Worried about shortchanging school budgets, statewide groups representing teachers, superintendents and school boards are calling for a compromise to a measure that would allow school districts with dwindling enrollments to cut school spending by $3,000 a student.
In a letter to Gov. Dannel P. Malloy, the groups said they strongly opposed the measure, which would only apply to districts that have had a sizable drop in enrollment and are not considered to be failing under federal No Child Left Behind standards.
To qualify for state aid, all communities are required to spend at least the same amount on their school budget as the year before. Some towns, particularly those with declining enrollments, have complained that this requirement is unfair.
The Connecticut Conference of Municipalities proposed the measure as a way to give cash-strapped communities a break in the sputtering economy. Originally, CCM proposed that any community with declining enrollment could reduce its education budget. Legislative leaders later restricted the eased-up spending requirements only for communities that had passed the NCLB benchmarks.
While this resolves problems in some towns, it still leaves the "odd consequence" of allowing 92 communities to reduce their education spending by more than what they currently receive per student in state education aid, said Joseph J. Cirasuolo, executive director of the Connecticut Association of Public School Superintendents. The association, along with the two statewide teachers unions and the Connecticut Association of Boards of Education, sent the letter to Malloy earlier this week.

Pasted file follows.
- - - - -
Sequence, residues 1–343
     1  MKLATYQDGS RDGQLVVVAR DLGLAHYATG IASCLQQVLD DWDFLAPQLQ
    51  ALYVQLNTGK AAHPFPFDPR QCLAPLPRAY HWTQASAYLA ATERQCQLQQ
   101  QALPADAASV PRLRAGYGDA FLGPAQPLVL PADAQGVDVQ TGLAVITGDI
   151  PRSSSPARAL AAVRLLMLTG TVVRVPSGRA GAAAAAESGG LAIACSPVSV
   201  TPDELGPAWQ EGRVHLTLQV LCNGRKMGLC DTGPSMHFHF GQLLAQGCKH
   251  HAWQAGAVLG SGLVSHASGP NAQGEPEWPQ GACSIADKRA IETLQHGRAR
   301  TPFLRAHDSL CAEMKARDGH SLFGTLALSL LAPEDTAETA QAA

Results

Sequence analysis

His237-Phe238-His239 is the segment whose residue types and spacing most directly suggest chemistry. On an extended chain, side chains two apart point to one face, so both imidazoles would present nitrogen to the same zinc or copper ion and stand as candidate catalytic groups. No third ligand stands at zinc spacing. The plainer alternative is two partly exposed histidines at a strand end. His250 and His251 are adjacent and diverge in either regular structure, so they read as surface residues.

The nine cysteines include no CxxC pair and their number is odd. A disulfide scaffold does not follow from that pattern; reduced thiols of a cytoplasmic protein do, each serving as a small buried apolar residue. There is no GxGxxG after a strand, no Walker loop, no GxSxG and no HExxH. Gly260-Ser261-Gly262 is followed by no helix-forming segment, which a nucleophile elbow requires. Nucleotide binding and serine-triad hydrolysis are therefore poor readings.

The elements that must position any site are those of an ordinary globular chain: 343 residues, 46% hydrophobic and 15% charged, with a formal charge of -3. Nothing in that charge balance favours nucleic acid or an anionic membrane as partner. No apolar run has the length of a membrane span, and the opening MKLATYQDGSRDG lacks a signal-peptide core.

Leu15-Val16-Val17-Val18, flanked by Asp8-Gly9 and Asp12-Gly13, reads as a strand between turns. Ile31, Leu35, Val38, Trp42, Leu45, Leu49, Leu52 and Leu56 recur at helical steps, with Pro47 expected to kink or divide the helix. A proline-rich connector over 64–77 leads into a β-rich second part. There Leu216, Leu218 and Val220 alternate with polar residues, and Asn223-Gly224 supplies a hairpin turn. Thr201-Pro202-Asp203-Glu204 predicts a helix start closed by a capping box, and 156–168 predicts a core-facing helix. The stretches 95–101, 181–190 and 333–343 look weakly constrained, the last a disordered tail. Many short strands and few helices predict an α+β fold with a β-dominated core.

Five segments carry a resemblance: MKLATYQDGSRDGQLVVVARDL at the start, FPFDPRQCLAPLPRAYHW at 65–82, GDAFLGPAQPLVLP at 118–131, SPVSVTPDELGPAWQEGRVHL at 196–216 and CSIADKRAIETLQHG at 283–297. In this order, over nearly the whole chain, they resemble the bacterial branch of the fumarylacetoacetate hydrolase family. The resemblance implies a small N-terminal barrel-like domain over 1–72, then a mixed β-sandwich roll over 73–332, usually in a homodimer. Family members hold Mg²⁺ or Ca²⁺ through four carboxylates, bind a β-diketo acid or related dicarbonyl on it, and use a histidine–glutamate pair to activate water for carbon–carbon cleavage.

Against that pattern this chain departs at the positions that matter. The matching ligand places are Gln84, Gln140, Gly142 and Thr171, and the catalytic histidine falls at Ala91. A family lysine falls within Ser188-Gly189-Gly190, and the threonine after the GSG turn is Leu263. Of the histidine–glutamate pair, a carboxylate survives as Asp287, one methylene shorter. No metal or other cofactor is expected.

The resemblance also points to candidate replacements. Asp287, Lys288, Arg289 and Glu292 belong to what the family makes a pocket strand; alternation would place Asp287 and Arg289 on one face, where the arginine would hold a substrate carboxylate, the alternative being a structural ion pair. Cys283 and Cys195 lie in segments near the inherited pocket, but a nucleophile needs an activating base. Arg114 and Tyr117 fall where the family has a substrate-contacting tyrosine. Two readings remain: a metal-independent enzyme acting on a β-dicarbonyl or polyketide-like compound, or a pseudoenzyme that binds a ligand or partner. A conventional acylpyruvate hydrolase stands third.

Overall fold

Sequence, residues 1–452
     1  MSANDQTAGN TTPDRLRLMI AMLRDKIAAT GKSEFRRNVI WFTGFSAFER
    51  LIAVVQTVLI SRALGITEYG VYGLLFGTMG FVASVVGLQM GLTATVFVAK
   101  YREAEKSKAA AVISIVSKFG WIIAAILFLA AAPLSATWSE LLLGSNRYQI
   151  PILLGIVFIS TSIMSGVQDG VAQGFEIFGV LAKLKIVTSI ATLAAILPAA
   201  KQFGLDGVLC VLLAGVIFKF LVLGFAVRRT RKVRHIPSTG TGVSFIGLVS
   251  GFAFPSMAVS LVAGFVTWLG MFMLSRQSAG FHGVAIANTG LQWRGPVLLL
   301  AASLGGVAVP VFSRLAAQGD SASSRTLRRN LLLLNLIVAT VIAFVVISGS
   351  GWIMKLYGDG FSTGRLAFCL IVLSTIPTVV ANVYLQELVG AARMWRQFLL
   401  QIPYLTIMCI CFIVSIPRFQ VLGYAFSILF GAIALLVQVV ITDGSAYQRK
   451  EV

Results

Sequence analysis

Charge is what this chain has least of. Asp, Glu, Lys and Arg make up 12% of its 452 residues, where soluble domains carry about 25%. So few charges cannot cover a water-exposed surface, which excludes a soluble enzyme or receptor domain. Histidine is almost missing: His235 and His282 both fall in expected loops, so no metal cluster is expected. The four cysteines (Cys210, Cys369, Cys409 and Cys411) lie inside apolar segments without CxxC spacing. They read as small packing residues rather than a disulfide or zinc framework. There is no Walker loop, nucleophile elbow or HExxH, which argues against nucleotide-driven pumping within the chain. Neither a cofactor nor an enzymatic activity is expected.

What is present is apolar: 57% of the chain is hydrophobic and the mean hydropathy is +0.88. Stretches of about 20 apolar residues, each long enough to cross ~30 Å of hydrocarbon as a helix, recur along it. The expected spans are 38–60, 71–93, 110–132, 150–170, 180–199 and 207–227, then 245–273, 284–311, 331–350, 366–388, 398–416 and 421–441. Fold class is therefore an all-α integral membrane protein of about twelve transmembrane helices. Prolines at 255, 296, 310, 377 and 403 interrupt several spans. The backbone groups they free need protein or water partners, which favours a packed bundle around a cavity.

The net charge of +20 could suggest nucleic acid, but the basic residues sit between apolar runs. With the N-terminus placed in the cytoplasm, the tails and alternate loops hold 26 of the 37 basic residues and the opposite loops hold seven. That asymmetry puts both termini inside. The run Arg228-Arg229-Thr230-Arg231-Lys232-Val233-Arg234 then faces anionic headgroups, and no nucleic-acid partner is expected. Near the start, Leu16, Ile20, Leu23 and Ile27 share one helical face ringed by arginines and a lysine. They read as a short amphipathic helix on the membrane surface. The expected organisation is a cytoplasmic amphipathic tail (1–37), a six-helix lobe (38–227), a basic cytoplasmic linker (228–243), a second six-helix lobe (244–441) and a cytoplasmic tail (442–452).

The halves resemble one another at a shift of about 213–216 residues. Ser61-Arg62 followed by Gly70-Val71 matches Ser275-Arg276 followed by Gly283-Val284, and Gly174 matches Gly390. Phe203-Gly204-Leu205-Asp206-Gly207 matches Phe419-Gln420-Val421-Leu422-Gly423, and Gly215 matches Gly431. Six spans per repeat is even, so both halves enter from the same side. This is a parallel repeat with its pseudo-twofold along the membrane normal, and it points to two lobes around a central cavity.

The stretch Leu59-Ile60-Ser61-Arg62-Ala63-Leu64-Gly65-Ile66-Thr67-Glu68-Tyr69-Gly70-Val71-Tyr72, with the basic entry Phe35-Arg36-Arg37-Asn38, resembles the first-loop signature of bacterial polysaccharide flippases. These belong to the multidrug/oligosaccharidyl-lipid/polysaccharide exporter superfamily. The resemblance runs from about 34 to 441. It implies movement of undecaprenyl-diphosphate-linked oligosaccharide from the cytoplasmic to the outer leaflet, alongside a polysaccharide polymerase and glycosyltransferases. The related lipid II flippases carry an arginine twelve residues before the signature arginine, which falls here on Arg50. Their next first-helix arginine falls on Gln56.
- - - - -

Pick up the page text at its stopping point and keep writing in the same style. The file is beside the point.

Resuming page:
The education groups are proposing that districts instead be allowed to reduce their budget either by $3,000 per student or by the amount the state pays per child in education funding - whichever is lower.
Cirasuolo said districts have already been hurt by flat funding from the state at a time when costs have gone up about 7 percent. He also pointed out that even with dwindling enrollment, spending usually doesn't drop enough to cut a teaching position.
But Malloy's budget officials pointed out that municipalities actually spend a lot more than $3,000 per student on education and need some relief.
"In an era of very tight budgets and high property taxes, it's difficult to make the argument that towns should be required to spend more on a declining number of students," said Gian-Carl Casa, undersecretary for legislative affairs at the state Office of Policy and Management.
"Their proposal doesn't make sense," Casa said. "We appreciate where they're coming from, but this is a particularly bad year at the local level."
Reprinted with permission of the Hartford Courant.
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